The highly-publicized feud between Jay-Z and Nas is unique for a few reasons. For one, the feud seemingly came out of nowhere. Secondly, one of the diss tracks that sprouted up from the rappers’ beef revitalized Nas’ career. And finally, the feud between Nas and Jay-Z has since ended.
But how did we get from point A to points B and C, you may be asking? Keep reading to find out.
How It All Started
Both Nas and Jay-Z were born in New York, and the two rappers would run into each other every now and then on the ’90s rap scene. There were no murmurings of insults, disses, or feuds in the early ’90s. In fact, the pair almost seemed to be friends. That was, of course, until 1996.
From 1994 to 1996, Jay-Z was recording his debut studio album titled Reasonable Doubt. Reportedly, Jay-Z had asked Nas to feature on the song “Bring It On” for the album. Nas was a no-show.
Jay-Z and his team pressed on, though, and dropped Reasonable Doubt on June 25, 1996. The record did not have a Nas feature, but it did have a Nas sample. Jay-Z’s classic rap song, “Dead Presidents II” samples Nas’s 1994 song “The World Is Yours.”
The stage had been set.
The Feud Heats Up
From 1996 until 2001, Jay-Z and Nas threw subtle jabs at each other in their verses and interviews. This period of elusive insults was crafty, for sure, but it was not obvious to the casual listener that there was a beef brewing between the two.
Then in 2001, Jay-Z kicked this feud into high gear.
At the Hot 97 Summer Jam, an annual hip-hop festival hosted by New York-based radio station Hot 97, Jay-Z took direct aim at Nas. In a freestyle performance, Jay-Z rapped what would eventually be the song “Takeover.” In the song, Jay-Z references his earlier Nas sample:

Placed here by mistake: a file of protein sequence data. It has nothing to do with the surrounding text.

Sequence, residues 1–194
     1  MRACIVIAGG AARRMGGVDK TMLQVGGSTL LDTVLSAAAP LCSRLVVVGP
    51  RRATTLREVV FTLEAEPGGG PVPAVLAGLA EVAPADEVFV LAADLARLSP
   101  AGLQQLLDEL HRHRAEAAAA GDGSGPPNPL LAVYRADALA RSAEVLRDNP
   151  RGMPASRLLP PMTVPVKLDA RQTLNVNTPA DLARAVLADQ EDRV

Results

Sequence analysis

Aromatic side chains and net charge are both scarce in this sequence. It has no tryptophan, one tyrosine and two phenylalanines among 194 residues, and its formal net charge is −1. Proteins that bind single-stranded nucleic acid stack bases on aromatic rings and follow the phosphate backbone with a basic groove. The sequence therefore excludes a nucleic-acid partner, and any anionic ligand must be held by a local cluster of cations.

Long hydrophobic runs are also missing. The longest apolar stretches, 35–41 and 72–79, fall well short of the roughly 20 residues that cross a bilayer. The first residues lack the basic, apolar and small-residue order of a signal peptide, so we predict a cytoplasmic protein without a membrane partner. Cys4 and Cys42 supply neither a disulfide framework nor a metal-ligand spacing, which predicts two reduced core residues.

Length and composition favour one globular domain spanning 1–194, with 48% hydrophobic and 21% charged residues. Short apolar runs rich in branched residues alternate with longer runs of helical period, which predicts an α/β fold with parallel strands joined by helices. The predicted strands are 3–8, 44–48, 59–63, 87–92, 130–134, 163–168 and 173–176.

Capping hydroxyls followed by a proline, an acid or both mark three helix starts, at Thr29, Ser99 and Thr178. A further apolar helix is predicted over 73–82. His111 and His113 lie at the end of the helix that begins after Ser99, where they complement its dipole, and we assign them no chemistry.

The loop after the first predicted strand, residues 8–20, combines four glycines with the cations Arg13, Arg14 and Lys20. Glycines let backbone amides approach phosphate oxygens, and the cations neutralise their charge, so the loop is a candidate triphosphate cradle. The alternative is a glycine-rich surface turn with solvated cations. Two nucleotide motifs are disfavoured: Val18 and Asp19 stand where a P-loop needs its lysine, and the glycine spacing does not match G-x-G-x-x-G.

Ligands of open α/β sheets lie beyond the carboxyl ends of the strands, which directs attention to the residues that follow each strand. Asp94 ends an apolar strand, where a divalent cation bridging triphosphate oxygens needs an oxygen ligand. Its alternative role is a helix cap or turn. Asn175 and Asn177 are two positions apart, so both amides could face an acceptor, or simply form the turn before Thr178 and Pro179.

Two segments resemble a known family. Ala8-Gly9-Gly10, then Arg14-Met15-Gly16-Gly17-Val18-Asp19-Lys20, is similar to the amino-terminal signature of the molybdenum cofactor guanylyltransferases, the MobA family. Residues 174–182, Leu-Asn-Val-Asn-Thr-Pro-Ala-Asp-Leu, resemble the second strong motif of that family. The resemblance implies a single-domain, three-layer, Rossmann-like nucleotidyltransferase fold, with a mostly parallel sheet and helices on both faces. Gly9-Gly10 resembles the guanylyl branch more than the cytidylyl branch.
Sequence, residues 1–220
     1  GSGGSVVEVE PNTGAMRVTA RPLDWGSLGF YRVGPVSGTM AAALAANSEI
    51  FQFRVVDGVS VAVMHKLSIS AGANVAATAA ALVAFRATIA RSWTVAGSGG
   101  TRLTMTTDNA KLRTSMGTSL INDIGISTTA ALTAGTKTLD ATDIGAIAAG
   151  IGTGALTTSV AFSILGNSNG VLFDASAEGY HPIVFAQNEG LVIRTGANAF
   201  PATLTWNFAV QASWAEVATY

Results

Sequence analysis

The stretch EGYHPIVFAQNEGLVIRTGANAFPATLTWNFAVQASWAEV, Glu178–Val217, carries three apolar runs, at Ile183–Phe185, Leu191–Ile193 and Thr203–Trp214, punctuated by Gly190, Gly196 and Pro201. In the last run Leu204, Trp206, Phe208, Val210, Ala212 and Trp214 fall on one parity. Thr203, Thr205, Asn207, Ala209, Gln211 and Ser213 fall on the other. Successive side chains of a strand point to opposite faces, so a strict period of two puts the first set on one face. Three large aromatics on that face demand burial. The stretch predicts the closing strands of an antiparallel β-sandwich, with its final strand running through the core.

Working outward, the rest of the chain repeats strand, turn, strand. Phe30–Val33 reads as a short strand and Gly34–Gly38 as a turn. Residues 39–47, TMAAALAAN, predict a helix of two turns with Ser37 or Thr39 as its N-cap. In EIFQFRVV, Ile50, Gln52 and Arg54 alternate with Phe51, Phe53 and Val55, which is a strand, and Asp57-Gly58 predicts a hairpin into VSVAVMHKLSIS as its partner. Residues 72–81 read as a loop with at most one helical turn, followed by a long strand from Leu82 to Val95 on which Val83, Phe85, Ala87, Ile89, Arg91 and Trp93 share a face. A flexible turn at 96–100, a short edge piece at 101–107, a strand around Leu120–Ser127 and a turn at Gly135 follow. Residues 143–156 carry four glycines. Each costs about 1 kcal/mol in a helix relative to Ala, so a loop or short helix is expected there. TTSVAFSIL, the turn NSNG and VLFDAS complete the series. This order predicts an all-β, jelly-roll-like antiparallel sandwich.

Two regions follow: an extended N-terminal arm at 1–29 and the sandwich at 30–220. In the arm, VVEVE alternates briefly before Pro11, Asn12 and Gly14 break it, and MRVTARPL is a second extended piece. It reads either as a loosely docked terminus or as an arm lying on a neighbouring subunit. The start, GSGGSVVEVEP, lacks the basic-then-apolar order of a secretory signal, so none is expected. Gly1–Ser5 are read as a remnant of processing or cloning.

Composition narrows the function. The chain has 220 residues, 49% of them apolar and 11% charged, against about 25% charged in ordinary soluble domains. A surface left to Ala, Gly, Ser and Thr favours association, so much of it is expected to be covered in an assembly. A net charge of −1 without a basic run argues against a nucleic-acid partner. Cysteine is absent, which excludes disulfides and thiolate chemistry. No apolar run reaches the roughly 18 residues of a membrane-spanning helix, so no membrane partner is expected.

So yeah I sampled your voice, you was usin it wrong
You made it a hot line, I made it a hot song.
And then, Jay-Z pushes the knife in farther:
Use your brain! You said you been in this ten
I’ve been in it five, smarten up Nas
Four albums in ten years n****? I can divide
That’s one every let’s say two, two of them shits was due
One was nah, the other was “Illmatic”
That’s a one hot album every ten year average
And that’s so (lame!) N**** switch up your flow
Your shit is garbage, but you try and kick knowledge?
Soon after that performance, Jay-Z released “Takeover” as a track on his sixth studio album, The Blueprint, in 2001. And, fun fact, Kanye West produced “Takeover.”
Nas Responds with “Ether”
Nas heard Jay-Z on “Takeover” loud and clear. What Nas did next though, became a defining moment in his career. In response to “Takeover,” Nas dropped one of hip-hop’s most famous diss tracks: “Ether.”
Nas has many, many choice words for Jay-Z. He insults Jay-Z’s appearance, rap game (Eminem murdered you on your own shit), and even the way Jay-Z treats women. Nas also claims that Jay-Z sold out: You traded your soul for riches. Top to bottom, it’s an uncensored, unfiltered attack on Jay-Z. And it saved Nas’s career.
“Ether” brought Nas back to prominence in the hip-hop world after his 1999 album, Nastradamus, was considered to be some of Nas’s weakest musical offerings by both fans and critics.
One More Diss and We’re Calling Your Mom
Now in a full-blown rap battle, Jay-Z responded to “Ether” with the diss track “Supa Ugly.” This diss track from Jay-Z was created by the rapper freestyling over Nas’s song “Got Ur Self a Gun.” After the song’s release, however, many people thought Jay-Z took it too far.
Jay-Z’s mother, Gloria Carter, also thought her son took it too far, especially in the lyrics where Jay-Z talks about the women in Nas’s life. Gloria firmly suggested that Jay-Z apologize for his words on “Supa Ugly.”
“Mom put in a call and said, ‘That went too far.’ And she’s never, ever called me about music. So I was like ‘Okay, okay, okay. I’ll go shut it down,'” Jay-Z said in a 2001 appearance on Hot 97. “Once again, I apologize,” he said. “I felt like I didn’t think about women’s feelings or [Nas’ former girlfriend’s] feelings, or even my mom. It was really like, ‘Let me meet your level of disrespect with this level of disrespect.’”
With that public apology, “Supa Ugly” was the last diss track in the Jay-Z/Nas beef.
Friends Once Again (Or at least acquaintances.)
In 2005, the two rappers officially ended their feud by performing together at the Continental Airlines Arena in New Jersey. Just one year later, Nas would sign with Def Jam Recordings. Jay-Z was president of the label at the time of Nas’ signing.
Beef squashed (and profited from).